Dendreon Outlines European Strategy for Provenge
Getting ahead of the crush of biotech news likely to come out of next week’s J.P.Morgan Healthcare conference, Dendreon held a conference call this morning to outline its strategy for the European launch of its prostate cancer immunotherapy Provenge.
If you'll recall, last April, Provenge became the first cancer immunotherapy approved in the U.S. Launching the drug in Europe would be a boon for Dendreon. As the biotech’s CEO Mitch Gold pointed out on the call, low rates of PSA testing in Europe meant that many men arrived in their physicians office with metastatic disease. As a result, Europe has the largest metastatic castrate-resistant prostate cancer population—the same population Provenge is approved to treat--in the world. That said, Dendreon expects the actual market size to be more in line with the U.S., due to the challenging reimbursement environment in Europe.
The majority of the call was focused on the company’s manufacturing plan in Europe. As we wrote several years back, it's a highly personalized treatment with a complicated manufacturing process:
The personalized component comes from a blood sample taken from a patient in order to isolate dendritic cells, which deliver antigens to T-cells and B-cells, the lymphocytes that control the immune response. Those dendritic cells are then cultured with the general component, prostatic acid phosphatase, a recombinant protein found in 95% of prostate cancers. The dendritic cells, now loaded with the antigen, are then injected back into the patient to trigger a reaction from the immune system.
Indeed, the roadblock to the treatment’s growth in the U.S. has been Dendreon’s ability to expand its manufacturing capacity here, and it wants to be ready to hit the ground running in Europe.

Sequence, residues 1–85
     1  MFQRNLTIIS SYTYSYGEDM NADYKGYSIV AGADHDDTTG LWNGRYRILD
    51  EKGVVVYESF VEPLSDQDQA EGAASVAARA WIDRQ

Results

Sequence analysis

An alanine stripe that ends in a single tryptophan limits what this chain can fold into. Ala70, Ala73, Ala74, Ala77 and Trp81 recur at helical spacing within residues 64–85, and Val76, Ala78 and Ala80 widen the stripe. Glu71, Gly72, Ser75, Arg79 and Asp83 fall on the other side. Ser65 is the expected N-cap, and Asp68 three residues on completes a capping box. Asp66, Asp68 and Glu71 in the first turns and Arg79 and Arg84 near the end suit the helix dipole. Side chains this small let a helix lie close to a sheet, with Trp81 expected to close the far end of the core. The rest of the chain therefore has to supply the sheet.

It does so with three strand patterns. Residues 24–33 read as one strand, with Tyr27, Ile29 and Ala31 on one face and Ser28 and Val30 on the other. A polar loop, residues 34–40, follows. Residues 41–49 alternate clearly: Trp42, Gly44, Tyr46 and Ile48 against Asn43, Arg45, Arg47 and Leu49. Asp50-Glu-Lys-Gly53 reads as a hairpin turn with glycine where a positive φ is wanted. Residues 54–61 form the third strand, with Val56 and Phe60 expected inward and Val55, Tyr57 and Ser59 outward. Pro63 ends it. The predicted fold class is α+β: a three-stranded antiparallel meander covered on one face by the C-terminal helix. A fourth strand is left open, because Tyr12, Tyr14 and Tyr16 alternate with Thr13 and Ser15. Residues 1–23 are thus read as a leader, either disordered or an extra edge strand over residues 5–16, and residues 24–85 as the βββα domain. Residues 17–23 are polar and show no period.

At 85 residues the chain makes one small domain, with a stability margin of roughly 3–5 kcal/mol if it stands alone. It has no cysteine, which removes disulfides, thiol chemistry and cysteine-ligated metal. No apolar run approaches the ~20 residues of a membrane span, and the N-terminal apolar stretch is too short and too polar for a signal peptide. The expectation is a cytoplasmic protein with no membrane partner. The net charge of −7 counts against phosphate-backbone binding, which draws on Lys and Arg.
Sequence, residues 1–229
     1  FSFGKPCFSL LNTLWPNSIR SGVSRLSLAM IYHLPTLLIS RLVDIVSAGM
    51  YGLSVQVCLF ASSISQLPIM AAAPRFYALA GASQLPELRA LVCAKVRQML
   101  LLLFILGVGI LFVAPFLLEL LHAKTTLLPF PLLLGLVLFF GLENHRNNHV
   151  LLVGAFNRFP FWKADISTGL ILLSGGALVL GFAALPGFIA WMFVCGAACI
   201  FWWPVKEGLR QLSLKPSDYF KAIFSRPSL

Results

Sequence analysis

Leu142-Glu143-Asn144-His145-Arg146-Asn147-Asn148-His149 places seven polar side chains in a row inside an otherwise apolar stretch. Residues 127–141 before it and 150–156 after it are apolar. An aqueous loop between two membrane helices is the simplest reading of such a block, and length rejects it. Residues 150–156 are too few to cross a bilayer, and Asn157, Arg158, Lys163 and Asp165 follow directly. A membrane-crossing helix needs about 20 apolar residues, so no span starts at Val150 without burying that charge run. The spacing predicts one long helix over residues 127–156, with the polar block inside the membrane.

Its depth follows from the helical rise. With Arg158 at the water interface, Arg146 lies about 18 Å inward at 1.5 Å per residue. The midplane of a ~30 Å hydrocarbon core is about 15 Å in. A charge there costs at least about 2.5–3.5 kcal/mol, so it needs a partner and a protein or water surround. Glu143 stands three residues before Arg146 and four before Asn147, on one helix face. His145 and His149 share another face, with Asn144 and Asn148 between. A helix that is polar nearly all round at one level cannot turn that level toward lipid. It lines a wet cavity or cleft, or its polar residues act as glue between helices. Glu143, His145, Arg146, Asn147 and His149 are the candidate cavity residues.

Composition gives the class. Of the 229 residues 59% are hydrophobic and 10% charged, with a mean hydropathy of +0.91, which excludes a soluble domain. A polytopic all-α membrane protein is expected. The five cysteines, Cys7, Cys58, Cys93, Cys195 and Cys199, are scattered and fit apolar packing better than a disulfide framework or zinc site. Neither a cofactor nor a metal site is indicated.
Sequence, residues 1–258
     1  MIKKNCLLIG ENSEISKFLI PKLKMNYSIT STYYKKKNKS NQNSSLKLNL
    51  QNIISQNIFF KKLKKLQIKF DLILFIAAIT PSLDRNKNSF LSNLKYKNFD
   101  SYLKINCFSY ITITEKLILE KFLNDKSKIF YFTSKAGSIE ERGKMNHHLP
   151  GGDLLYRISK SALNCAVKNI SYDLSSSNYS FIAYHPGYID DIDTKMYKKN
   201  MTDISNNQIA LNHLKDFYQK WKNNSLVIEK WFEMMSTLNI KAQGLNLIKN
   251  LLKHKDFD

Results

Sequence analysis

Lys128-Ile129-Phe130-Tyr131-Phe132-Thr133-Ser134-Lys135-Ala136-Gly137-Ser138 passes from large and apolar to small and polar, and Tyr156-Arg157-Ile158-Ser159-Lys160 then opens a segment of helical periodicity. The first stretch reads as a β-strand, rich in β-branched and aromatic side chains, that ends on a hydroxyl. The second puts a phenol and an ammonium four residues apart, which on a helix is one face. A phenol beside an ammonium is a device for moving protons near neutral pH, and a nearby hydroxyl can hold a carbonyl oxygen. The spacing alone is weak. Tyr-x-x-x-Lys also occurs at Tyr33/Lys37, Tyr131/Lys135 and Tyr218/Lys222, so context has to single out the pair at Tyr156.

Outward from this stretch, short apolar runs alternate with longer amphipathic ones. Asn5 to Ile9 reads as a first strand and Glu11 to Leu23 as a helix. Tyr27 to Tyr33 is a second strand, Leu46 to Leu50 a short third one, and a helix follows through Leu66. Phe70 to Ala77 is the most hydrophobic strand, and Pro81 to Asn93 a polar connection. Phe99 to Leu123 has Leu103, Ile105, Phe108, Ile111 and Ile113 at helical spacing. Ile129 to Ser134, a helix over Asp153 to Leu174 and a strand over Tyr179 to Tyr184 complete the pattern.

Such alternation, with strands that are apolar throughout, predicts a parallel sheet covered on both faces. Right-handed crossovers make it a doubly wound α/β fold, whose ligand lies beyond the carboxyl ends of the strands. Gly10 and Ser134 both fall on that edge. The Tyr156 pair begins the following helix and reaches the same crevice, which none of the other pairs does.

The first goal is to enlist a contract manufacturing organization in Europe to make the treatment. Having someone on the ground will enable Dendreon to file its marketing authorization application in Europe much faster than if it was building from the ground up. It will also allow the biotech to start European trials of Provenge—a move management reminded investors was not necessary for the MAA filing, but would help give physicians some hands-on experience with the treatment before its approval.
At the same time, Dendreon will this year start construction on its own immunotherapy manufacturing facility in Germany. The biotech notes that because Europe is so much more compact than the U.S., half the patient population will be within an eight hour drive of that site.
If all goes well, the biotech plans to file for approval in Europe in late 2011 or early 2012, a timeline dependent on how fast it can transfer its manufacturing technology to a CMO. That puts a decision from EU authorities in the first half of 2013, around the same time Dendreon expects to be able to open up its German site.
All this expanding comes at a price: Dendreon will spend $125 million this year in preparation for the European launch, and says it will need to raise additional capital to meet that goal.
The good news is that the U.S. sales of Provenge should substantially open up this year as hundreds of infusion sites come online. The immunotherapy should bring in between $350-$450 million this year, with half of those sales coming in the fourth quarter when widespread manufacturing is up and running. By comparison, Provenge sales were roughly $25 million in the fourth quarter of 2010.
*Updated at 12:17 to reflect that hundreds of infusion, not manufacturing sites coming online in the U.S. this year